5. With regard to the service of notice again the second question that arises is with reference to the notice of Foijannessa. The notice meant for Foijannessa was also sent per registered post and served on one Noshan Ali. Noshan Ali has been examined on behalf of the defendants and he has said that he forgot to make over the notice to Foijannessa. The postal peon who delivered the letter to Noshan Ali was examined but he was unable to say that he made over the notice to Noshan Ali at the request of Foijannessa. The learned Subordinate Judge thought that it was the duty of the plaintiffs to go further and to prove that the notice that was served on Noshan Ali had actually reached Foijannnessa. He held that her evidence to that effect was not forthcoming and it should be taken that the notice was not served on Foijannessa. The notices that were given in this case were addressed to all the joint tenants and copies of such notice are alleged to have been served upon the joint tenants severally. The Judicial Committee in the case of Harihar Banerji v. Ramshashi Roy A.I.R. 1918 P.C. 102 to which reference has already been made, pointed out that in the case of joint tenants each is intended to be bound and it has long been decided that service of notice to quit upon the joint tenant is prima facie evidence that it has reached the other joint tenants. In view of the fact that we have found that service of notice to quit upon Emajuddin had been established, applying to the case the dictum of the Judicial Committee referred to above it follows as a matter of course that the other joint tenants including Foijannessa had been served with notice. Our attention has been drawn to the decision of this Court in the case of Bejoy Chand Mahatab v. Kali Prosanna Seal : AIR1925Cal752 in which, according to the contention of the respondents, some observations have been made which may be taken to have detracted from the correctness or applicability of the dictum to circumstances such as arise in the present case. On examination of the facts of that case, however, it appears that all that has been laid down in that case is that the notice in order to give rise to this presumption must be addressed to all the joint tenants and that where no notice was addressed to one of of the joint tenants the mere service of the notice on the other joint tenants is not sufficient notice to quit according to law. In the present case the notices that were issued were addressed to all the joint tenants. On the question of service of notice also therefore the decision of the Subordinate Judge is not correct.
6. The respondents have then drawn our attention to two passages in the judgment of the Subordinate Judge which are somewhat in conflict with each other and from a perusal of which the conclusion may not unreasonably be arrived at to the effect that the notice as well as the suit excluded a portion of the tenancy which is in the occupation of the defendants. One of the passages runs in these words:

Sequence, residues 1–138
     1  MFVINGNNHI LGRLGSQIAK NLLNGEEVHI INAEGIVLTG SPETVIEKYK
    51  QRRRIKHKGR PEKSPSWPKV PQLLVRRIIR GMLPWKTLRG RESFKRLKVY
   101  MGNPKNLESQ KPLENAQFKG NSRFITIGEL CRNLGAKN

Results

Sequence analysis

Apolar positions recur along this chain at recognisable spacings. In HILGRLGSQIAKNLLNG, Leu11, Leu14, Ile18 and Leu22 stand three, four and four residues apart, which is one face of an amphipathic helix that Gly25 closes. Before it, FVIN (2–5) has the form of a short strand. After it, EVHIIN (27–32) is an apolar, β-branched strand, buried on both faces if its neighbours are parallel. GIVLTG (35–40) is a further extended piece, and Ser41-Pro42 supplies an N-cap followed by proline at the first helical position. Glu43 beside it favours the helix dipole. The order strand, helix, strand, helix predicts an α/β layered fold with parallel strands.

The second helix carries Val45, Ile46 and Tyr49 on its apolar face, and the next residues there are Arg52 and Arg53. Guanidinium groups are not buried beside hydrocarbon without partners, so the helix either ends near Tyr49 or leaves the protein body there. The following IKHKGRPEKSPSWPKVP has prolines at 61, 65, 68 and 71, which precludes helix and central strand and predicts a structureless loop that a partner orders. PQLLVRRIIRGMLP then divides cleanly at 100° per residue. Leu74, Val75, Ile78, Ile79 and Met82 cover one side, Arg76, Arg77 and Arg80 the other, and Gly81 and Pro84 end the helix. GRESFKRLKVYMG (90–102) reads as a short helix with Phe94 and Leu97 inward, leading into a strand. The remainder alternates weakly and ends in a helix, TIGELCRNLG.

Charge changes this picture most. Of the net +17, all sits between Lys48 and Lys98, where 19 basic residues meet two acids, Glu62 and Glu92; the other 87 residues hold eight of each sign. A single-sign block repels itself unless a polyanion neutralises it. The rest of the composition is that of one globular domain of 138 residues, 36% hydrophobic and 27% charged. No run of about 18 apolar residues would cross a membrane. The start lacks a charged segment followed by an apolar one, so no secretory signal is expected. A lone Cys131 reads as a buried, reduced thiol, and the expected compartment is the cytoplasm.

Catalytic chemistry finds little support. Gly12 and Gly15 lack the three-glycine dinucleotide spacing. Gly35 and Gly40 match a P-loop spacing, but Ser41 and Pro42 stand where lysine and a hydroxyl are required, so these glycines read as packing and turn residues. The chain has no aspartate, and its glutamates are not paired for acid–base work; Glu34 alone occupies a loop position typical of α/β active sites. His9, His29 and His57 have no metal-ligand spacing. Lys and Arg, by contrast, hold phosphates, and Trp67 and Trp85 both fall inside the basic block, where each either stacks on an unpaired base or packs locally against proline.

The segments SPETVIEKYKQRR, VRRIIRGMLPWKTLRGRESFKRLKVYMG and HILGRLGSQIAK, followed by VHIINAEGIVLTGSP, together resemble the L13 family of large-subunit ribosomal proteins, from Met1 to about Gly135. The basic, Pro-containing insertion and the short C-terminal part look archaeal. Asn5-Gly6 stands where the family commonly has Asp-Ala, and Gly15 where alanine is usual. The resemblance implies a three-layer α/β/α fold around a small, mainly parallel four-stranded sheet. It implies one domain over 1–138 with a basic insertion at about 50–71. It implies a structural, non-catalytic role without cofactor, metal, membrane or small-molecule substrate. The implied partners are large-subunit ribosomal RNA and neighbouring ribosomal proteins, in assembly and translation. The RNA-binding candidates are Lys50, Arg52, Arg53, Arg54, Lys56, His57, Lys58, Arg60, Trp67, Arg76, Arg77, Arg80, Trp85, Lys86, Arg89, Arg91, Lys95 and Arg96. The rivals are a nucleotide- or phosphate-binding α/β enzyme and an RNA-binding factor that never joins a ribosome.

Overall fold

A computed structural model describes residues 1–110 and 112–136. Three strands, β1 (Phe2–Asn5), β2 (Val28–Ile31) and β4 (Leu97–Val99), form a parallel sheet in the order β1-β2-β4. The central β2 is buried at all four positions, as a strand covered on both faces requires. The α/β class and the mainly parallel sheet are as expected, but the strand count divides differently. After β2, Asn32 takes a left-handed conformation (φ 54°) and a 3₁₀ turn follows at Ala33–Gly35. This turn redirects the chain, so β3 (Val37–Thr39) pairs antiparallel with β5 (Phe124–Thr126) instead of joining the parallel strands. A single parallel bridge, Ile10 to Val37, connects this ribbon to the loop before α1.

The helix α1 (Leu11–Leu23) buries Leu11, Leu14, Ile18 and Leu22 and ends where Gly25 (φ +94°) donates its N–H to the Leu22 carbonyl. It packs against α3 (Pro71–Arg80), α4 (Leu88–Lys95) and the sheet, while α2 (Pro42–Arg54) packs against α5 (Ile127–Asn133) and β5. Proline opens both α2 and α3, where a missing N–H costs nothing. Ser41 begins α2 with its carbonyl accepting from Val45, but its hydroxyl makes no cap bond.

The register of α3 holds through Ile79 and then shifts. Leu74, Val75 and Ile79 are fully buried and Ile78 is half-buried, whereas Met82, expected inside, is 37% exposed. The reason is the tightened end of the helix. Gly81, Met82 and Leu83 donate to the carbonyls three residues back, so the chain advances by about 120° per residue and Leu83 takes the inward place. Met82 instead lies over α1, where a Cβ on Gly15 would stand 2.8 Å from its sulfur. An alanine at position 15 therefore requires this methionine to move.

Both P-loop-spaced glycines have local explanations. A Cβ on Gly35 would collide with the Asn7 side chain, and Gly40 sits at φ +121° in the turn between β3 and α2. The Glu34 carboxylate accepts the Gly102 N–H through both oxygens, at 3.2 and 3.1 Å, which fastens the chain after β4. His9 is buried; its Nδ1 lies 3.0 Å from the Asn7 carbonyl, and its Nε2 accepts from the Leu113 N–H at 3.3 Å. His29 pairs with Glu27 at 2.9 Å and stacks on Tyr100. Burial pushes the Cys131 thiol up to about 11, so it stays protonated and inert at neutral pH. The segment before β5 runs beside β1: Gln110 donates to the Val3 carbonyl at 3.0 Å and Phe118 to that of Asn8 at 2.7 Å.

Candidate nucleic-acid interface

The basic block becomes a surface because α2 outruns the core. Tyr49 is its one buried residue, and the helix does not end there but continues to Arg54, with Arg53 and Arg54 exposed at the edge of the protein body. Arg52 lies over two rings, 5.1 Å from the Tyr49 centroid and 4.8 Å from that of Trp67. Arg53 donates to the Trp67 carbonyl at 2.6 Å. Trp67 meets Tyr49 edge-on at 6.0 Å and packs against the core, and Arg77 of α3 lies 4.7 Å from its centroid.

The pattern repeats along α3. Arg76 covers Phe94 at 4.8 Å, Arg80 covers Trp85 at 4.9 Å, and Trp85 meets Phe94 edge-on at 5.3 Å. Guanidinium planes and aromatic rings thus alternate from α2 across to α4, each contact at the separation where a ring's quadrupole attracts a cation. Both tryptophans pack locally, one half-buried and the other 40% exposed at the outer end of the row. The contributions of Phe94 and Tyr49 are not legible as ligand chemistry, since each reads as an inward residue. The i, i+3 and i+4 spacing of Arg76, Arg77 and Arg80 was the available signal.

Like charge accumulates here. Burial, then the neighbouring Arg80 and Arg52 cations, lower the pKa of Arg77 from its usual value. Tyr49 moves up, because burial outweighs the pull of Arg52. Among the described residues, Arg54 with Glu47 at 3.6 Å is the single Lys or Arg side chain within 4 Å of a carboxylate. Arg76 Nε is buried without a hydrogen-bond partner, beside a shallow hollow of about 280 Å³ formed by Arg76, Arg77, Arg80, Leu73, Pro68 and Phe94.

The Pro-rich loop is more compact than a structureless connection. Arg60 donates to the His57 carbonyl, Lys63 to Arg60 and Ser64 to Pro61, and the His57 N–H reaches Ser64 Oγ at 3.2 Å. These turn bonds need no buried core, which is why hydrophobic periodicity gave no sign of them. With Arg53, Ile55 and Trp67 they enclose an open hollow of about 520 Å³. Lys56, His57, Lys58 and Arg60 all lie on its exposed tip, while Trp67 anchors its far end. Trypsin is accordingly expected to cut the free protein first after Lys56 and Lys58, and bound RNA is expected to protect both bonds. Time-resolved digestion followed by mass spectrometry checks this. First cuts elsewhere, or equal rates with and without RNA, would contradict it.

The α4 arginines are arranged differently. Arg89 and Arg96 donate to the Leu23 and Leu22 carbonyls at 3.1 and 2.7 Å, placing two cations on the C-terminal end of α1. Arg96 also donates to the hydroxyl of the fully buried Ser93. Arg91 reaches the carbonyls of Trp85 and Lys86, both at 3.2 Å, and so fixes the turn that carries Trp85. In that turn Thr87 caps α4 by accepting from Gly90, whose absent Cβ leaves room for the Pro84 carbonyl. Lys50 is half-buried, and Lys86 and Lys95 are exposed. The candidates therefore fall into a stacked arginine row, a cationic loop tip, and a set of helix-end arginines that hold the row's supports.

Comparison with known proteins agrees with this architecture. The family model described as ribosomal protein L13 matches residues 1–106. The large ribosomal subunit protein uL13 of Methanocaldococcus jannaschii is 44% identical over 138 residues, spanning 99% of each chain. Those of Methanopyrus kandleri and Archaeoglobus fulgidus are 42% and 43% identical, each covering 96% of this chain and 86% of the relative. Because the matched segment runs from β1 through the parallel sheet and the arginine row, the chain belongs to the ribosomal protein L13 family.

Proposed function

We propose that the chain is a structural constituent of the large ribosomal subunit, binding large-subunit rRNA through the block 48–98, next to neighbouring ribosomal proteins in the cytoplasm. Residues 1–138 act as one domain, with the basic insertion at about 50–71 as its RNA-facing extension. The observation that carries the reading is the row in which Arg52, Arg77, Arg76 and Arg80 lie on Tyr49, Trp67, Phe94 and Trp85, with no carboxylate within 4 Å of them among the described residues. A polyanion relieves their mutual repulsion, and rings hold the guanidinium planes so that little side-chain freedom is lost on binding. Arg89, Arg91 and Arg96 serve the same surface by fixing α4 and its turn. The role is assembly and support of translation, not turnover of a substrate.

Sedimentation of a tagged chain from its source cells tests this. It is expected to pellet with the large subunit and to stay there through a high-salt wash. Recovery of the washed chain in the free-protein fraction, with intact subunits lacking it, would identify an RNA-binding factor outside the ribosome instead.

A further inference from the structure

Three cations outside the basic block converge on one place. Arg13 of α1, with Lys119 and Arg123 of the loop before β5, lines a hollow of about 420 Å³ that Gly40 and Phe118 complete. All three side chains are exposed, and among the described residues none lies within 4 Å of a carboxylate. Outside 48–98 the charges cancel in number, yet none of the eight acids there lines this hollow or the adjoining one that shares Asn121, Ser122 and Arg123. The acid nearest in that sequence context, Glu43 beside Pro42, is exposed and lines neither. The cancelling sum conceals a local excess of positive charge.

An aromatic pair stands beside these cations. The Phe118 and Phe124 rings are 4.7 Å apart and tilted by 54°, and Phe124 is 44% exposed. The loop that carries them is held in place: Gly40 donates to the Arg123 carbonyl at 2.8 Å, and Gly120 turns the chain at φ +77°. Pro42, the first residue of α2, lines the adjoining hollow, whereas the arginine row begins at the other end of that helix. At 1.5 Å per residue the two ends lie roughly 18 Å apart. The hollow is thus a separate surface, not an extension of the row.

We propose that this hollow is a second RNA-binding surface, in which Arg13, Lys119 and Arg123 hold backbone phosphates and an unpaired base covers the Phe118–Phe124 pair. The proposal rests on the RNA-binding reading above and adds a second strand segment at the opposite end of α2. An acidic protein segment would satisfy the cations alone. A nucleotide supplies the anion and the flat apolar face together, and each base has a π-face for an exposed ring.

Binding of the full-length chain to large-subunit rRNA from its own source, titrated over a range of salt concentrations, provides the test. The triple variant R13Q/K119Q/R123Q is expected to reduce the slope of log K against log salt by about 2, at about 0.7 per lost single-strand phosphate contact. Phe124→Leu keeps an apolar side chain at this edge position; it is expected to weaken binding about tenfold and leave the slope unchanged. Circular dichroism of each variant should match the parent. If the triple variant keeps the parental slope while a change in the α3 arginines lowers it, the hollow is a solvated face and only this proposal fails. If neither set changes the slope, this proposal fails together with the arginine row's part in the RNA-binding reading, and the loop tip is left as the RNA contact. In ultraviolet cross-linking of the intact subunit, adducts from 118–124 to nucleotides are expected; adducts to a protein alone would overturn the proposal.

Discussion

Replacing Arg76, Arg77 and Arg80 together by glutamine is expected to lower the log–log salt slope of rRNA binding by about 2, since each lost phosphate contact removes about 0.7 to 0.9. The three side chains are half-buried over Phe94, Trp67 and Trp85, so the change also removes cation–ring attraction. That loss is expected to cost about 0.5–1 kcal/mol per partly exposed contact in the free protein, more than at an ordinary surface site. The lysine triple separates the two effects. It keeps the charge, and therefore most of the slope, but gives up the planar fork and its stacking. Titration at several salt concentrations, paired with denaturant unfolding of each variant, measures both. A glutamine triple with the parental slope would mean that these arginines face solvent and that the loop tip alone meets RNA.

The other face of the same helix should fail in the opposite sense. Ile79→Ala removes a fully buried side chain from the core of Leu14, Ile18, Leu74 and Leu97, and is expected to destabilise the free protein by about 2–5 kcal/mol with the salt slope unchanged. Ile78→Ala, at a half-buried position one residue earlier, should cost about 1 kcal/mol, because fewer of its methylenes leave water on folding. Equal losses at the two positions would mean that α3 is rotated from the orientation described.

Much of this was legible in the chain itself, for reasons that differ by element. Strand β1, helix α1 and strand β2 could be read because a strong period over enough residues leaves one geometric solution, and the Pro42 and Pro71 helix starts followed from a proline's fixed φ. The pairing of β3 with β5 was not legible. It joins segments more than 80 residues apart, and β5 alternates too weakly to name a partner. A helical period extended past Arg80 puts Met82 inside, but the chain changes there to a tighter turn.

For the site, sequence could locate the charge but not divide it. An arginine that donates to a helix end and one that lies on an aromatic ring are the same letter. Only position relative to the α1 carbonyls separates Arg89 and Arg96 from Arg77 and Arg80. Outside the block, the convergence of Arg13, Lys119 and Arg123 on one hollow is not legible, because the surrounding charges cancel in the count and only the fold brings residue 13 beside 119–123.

Derajtulla's land must have been in regard to a portion of it on the north of the District Board Road.... The suit is for eviction from the land lying to the south of District Board Road. The plaintiff's case is 2 bighas 12 cottahs of land lying in the south of the road was let out. But this cannot be possibly true as I have seen that Darajtulla had also some land to the north of the road and his brother Muzafar's boitakhana was situated there.
7. The other passage runs in these words:
The plaintiffs have sued for all the lands in the possession of Darajtulla'a hairs as appertaining to the jote but they have understated the area. They have resorted to this understatement with two objects in view. They would not admit that any land of Derajtulla lay to the north of the District Board Road and had been acquired by Government. In the next place they thought it necessary to minimise the area of the land to make it appear that the land could not have been let out for agricultural purposes.
8. What exactly was the finding of fact of the Subordinate Judge on this question we are not in a position to appreciate. If it was only an understatement in the area, the whole of the land forming the subject-matter of the tenancy having been included,the defect in the notice or in the suit would not be fatal to the plaintiff's case. It has been held in the case of Shama Charan Mitter v. Uma Charan Haldar 26 Cal. 35 that where a notice to quit stated the area of the defendant's holding to be I bigha 5 chitaks but the true area was If cottahs less and no boundaries were given, it was not a defect which would make the notice bad in law. But if it be a fact that a part of the land of this tenancywas excluded from the notice and from the suit and of such part the defendants are in possession as tenants under the plaintiff the plaintiff cannot possibly obtain a decree' in the suit.
9. The question whether the notice and the suit covered the entire tenancy or whether they have left out a part of it which is in the defendants' occupation will have to be re-investigated and in view of the fact that it was not specifically raised in the pleadings and there is not much indication in the judgment of the trial Court showing that it was canvassed there we think that while we shall make an order for remand to the lower appellate Court for proper investigation of that question and for a clear finding on it we shall give the parties an opportunity to adduce such further materials as they may desire to do in connexion with this question. All other questions that arose in the suit have now been concluded and the question referred to above is f only question that will be left open for consideration by the learned Subordinate Judge. On arriving at his finding on that question he will proceed to dispose of the appeal in accordance with law.
10. Costs of this appeal will abide the result.